‘Mammoth’ Direct Air Capture Plant, Construction begins

Swiss climate tech company Climeworks said it has broken ground on its most extensive facility yet for capturing CO2 from the air. The new DAC plant, “Mammoth,” will greatly scale up the company’s processes in Hellisheiđi, Iceland.

That’s where Climeworks built Orca, the most extensive DAC plant globally when it came online last September. Orca can grab up to 4,000 tons of carbon dioxide a year, approximately comparable to how much climate disintegration 790 gas-guzzling passenger vehicles release yearly.

Mammoth, in comparison, can apprehend about nine times as much CO2 as Orca.

Climeworks AG is a Swiss firm specializing in CO2 air capture technology. The company purifies the CO2 directly from the ambient air through an adsorption-desorption process. 

In May 2017, the company extended the world’s first commercial project to purify CO2 from the ambient air in Hinwil. It contains 18 direct air capture modules that clarify 900 tons of CO2 each year, which are then marketed to a greenhouse operator to serve as fertilizer. 

In October 2017, a demo project followed, in which a module on CO2 filter was used at the Hellisheiđi Power Station in Iceland. CO2 will be filtered from the air and stored underground as a mineral. Climeworks refer to filtering CO2 from the ambient air for underground storage and carbon dioxide removal. 

In September 2021, Climeworks’s Orca carbon capture plant came online. As of September 2021, it is the world’s largest direct air capture facility, capturing 4000 tons of CO2 per year. Like the pilot project, the operating facility is located at Hellisheiđi Power Station. 

In November 2009 Climeworks AG was founded by Christoph Gebald and Jan Wurzbacher as a spin-off from ETH Zurich. The two German founders were fellow students in mechanical engineering and had worked with technologies for chemical and physical CO2 in the context of their studies and subsequent doctorates. In 2011, Climeworks received capital from investors for the first time to develop a prototype with a modular structure.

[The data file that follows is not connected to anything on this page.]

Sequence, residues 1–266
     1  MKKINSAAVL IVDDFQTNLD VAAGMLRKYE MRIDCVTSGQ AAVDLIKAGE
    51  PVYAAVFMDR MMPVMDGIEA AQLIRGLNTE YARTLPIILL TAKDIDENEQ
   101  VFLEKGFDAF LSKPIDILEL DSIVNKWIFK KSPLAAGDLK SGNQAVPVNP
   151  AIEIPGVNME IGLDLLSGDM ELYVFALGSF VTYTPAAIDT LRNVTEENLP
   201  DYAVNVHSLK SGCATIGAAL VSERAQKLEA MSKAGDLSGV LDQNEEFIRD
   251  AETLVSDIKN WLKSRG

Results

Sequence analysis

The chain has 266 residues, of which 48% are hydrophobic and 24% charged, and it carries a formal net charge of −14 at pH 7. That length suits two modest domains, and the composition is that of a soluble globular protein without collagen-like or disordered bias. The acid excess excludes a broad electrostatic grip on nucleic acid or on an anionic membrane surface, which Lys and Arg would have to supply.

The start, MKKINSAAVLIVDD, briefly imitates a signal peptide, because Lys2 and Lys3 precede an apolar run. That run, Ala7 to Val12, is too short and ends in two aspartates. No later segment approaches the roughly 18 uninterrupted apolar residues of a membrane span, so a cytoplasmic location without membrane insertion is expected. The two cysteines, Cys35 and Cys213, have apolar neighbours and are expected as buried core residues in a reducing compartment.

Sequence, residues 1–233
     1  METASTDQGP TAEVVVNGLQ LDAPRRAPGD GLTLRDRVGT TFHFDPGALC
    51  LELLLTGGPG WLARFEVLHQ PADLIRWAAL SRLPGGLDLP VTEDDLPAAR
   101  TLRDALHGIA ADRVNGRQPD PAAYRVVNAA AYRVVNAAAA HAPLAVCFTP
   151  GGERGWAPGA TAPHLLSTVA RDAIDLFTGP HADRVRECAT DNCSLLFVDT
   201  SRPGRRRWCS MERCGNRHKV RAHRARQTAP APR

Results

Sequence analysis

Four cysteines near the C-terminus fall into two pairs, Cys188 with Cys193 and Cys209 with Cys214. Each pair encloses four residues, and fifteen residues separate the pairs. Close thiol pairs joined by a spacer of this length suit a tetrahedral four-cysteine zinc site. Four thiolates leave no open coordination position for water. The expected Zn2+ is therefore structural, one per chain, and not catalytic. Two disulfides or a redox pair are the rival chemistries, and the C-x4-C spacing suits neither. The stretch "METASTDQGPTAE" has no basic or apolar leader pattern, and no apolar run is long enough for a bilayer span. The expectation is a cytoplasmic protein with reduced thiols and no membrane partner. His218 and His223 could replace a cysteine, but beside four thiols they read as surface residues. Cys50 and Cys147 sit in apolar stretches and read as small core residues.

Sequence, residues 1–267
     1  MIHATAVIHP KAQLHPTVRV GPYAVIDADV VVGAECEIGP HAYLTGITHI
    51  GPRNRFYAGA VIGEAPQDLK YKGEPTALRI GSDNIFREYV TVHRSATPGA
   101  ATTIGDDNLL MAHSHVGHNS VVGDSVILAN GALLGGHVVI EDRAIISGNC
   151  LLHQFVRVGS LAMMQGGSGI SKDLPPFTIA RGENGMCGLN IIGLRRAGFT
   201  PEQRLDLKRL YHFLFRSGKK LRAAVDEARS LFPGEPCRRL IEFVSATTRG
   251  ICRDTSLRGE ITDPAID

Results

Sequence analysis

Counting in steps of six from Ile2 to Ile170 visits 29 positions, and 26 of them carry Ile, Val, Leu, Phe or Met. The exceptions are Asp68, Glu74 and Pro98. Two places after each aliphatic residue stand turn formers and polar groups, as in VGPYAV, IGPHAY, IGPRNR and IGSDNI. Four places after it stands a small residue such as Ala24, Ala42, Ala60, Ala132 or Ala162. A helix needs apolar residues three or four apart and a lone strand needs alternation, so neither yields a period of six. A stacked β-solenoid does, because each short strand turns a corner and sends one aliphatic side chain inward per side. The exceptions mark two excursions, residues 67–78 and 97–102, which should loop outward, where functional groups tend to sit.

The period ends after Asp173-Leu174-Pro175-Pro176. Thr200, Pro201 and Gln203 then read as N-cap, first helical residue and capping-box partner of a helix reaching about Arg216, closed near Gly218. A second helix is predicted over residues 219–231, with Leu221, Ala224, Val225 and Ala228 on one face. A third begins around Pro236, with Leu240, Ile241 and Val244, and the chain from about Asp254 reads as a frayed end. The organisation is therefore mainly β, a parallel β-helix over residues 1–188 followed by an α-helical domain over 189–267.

Since then, rapid scaling has led to their present module technology, which has been available since 2014. During the enterprise’s development, a partnership with the automaker Audi succeeded. Further support was provided by the Swiss Federal Office of Energy, which enabled the accelerated commercialization and scaling of the technology.

Climeworks is part of several European research and development projects. It includes the production of synthetic fuels from CO2. Since 2018 a Swiss mineral water bottler in Vals has been producing beverages with carbon dioxide from the air.

The company’s goal by 2025 is to filter one percent of annual global CO2 emissions from the air. It requires the construction of 250,000 systems comparable to the one in Hinwil. A German subsidiary Climeworks Deutschland GmbH has also opened in Cologne. 

On 20 July 2021, the Swiss and Icelandic governments agreed to jointly develop “negative emission technologies,” which involve extracting CO2 from the atmosphere and storing it underground using Climeworks and CarbFix. The corporate offices of Climeworks AG are in Zürich.

There are rarer than 20 such plants in the globe, according to the International Energy Agency (IEA), and they can’t yet make a severe dent in the greenhouse gas emissions humans have dumped into the atmosphere. The IEA says that to do that, the direct air capture industry must grow to draw down 85 million metric tons of CO2 by the end of the decade. But instead, it seizes just 0.01 million metric tons today. 

That’ll likely require a new generation of DAC plants, each capable of taking in 1 million tons of CO2 annually. So in the grand scheme of things, Mammoth — with the capacity to capture 36,000 tons of CO2 a year — isn’t so mammoth. Nevertheless, mammothNevertheless, mammoth is a critical test case for scaling up Direct Air Capture tech.